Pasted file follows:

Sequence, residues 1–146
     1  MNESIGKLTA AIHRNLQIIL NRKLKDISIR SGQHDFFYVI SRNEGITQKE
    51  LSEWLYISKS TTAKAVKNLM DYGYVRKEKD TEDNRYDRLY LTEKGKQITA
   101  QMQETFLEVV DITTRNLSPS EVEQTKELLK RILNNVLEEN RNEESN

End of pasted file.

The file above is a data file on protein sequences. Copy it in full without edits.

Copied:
Sequence, residues 1–146
     1  MNESIGKLTA AIHRNLQIIL NRKLKDISIR SGQHDFFYVI SRNEGITQKE
    51  LSEWLYISKS TTAKAVKNLM DYGYVRKEKD TEDNRYDRLY LTEKGKQITA
   101  QMQETFLEVV DITTRNLSPS EVEQTKELLK RILNNVLEEN RNEESN